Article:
Could upscale kid-friendly restaurant Giggles N Hugs really expand from a single location to a 150-unit national chain? If you think it’s got a shot, you can get on the ground floor by buying this fledgling company’s stock—or stealing its core idea.
The Giggle N Hugs (GNH) concept seems like genius: a kid-oriented restaurant that serves healthy food to both kids and adults, providing kids with a safe, hyperclean and inventive playspace while giving parents a snazzy spot where they might actually like to hang out.
Think of GNH as Chuck E. Cheese reinvented for free-spending consumers who frequent upscale lifestyle shopping malls and need a place to park their kids. If you were wondering what the gold standard of family friendly is in 2012, this may well be it.
The lone Giggle N Hugs unit to open so far is located at the Westfield Shopping Mall in Century City, CA, a stone’s throw from Beverly Hills and other affluent Los Angeles neighborhoods. Founders Dorsa and Joey Parisi told Business Week their 6,100 sq. ft restaurant serves 3,500 patrons each month and brings in $120,000 in revenue.
How promising is their idea? Investors have fallen in love with it. As we write, Giggles N Hugs’s thinly traded stock is priced at $4.60 a share, giving the concept a $105 million market capitalization. This one-store operation has traded for as much as $7.
What’s the angle for investors? “Giggles N Hugs is planning a national launch with multiple locations around the country opening in the next few years,” a company statement notes. The Parisis envision 150 units by 2020.
Several facets of GNH seem particularly well thought out.
The menu features plenty of choices for both parents and kids, and the Parisis weren’t naive about what kids will actually order and eat at a restaurant. That’s why they’ve come up with a number of stealthy healthy spins on standard kid items. That includes incorporating pureed spinach into the spaghetti sauce (for a $1 surcharge), mixing pureed butternut squash into the cheese sauce used to make mac–n-cheese (a $1.95 surcharge) and adding (for $2.50) flaxseed meal to the breading mixture used to make chicken nuggets. If you’re looking for just one idea to take away from this article, we suggest you pick this one.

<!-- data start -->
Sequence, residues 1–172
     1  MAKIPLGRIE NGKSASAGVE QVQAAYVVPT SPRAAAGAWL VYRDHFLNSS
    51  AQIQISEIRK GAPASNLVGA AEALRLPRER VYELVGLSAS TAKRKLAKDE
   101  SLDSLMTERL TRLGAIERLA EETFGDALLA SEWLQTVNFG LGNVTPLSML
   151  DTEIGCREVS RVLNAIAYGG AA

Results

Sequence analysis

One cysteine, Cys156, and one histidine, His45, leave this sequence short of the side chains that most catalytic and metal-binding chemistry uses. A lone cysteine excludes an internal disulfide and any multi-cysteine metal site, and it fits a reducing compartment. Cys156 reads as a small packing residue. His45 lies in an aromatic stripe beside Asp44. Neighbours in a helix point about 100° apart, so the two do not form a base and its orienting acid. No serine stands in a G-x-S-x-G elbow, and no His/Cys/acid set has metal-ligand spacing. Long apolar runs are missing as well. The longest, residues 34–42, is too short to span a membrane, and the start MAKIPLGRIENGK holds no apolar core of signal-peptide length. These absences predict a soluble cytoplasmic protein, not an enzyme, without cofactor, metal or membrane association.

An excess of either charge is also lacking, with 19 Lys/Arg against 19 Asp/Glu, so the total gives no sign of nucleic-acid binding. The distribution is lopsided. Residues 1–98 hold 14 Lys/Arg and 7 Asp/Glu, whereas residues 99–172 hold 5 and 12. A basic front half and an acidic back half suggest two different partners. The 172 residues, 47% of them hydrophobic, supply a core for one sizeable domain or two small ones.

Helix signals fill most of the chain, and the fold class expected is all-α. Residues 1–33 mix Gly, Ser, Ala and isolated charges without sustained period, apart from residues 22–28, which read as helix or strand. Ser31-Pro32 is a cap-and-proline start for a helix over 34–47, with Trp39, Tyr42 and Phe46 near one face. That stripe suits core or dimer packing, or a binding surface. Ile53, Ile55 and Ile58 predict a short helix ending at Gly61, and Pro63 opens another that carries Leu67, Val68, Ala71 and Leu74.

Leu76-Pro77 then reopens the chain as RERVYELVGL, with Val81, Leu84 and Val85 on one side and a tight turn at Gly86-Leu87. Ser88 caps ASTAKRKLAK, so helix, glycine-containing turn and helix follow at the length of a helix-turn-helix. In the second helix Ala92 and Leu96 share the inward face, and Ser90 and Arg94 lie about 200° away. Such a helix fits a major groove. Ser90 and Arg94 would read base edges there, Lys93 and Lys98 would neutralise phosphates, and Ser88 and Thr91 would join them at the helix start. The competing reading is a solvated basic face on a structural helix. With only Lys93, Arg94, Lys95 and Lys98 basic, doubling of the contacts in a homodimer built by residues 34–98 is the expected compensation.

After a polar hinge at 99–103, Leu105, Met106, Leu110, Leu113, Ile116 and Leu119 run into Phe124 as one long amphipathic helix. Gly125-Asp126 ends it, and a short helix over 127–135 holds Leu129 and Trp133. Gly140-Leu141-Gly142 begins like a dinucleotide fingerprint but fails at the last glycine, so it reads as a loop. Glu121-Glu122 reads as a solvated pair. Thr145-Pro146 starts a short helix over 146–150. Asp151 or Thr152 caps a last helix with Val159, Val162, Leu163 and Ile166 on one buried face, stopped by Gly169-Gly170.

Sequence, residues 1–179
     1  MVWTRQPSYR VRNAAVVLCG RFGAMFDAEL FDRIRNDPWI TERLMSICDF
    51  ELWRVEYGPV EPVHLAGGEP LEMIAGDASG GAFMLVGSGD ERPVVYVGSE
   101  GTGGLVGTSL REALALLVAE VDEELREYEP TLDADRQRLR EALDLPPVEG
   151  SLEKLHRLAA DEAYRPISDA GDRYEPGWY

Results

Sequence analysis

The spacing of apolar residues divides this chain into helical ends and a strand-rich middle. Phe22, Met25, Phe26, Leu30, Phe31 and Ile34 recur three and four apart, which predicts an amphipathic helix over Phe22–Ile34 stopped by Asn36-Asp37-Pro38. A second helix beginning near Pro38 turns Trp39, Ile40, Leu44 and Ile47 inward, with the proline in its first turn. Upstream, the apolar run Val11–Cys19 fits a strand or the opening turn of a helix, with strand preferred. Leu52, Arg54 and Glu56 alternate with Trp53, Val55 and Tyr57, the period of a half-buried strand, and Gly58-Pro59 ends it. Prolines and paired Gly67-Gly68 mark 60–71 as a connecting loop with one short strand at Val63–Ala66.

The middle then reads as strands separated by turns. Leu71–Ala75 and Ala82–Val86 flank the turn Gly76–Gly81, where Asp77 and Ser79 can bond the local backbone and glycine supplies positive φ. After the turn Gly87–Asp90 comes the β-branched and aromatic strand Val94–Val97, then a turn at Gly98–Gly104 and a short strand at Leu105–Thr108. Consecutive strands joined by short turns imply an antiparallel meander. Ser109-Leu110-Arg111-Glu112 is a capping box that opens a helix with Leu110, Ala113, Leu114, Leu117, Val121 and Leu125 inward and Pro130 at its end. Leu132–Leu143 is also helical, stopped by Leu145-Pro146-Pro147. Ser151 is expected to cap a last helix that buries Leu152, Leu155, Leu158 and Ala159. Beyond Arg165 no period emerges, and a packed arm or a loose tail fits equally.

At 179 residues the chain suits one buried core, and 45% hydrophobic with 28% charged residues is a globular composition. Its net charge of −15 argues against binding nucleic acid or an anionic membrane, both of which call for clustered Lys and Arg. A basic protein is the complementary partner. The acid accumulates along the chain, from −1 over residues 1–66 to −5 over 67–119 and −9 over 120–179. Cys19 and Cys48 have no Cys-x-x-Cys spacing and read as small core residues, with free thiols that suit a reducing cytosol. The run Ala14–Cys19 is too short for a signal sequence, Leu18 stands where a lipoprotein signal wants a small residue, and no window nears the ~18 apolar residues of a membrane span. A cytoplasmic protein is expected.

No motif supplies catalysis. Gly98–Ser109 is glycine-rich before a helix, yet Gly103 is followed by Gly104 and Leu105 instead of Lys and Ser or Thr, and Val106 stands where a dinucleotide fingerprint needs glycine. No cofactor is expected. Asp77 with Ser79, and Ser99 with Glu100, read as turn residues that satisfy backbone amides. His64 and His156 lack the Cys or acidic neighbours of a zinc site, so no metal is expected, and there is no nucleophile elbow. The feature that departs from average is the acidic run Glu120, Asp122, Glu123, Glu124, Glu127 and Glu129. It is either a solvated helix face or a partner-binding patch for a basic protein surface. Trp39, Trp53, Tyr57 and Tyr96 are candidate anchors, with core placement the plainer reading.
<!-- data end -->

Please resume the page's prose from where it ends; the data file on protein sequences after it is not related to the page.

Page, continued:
Food offerings like these appeal to parents who pay close attention to what their kids eat. Many in the GNH demographic do. The menu provides plenty of relatively sophisticated choices for the parents, who can also kill time while the kids play by tapping into GNH’s wireless Internet or checking out what’s showing on the restaurant’s 12 plasma screens.
You have to like how the revenue streams line up here. Joey Parisi says that roughly half of gross revenue comes from children’s birthday parties.
Semi-private party packages are available at three levels:
• Duke & Duchess, offering a pizza/salad menu that costs $15 per adult, $20 per child.
• Prince & Princess, providing a choice of four entrees and two sides for $20 per adult, $25 per child.
• King & Queen, which offers two starters, three entrees and two sides chosen from the full menu, charging $25 per head for both adults and kids.
Parties are two hours long and there are plenty of add-ons for parents who wish to spend a little more. Beer and wine drink tickets for adults are $5.00 for a domestic beverage, $7.50 for imports.
Private birthday parties offer the same choices, but parents pay a flat fee to buy out the restaurant. A morning (10 a.m.-12 p.m.) party has a $1,000 rental fee; afternoon and evenings go for $1,500 for a similar two-hour slot. Parents who want to go big can add on extras and entertainment items such as a cotton candy machine ($180 and up) and puppy, bunny or kitten playtime ($225 and up). There’s an 18 percent gratuity, too, so you know the waitstaff will be eager to work these parties.
Special events with rates like these are big financial wins for any restaurant. If GNH can pull off multiple events like this every week, the overall concept can become a true moneymaker. For pure margins, nothing beats the restaurant’s “Drop Off” service. Parents who want to shop at Century City pay $14 per hour for the first child, $12 each for any additional children, to leave them at GNH, where kids can play while supervised by “CPR/First Aid-certified team members.”
We don’t know how will this concept will do long-term, nor can we guess at the merit of investing in its stock. (GIGL.OB). But if you’re interested in some fresh thinking about how to serve your kid customers better, this one’s a gold mine.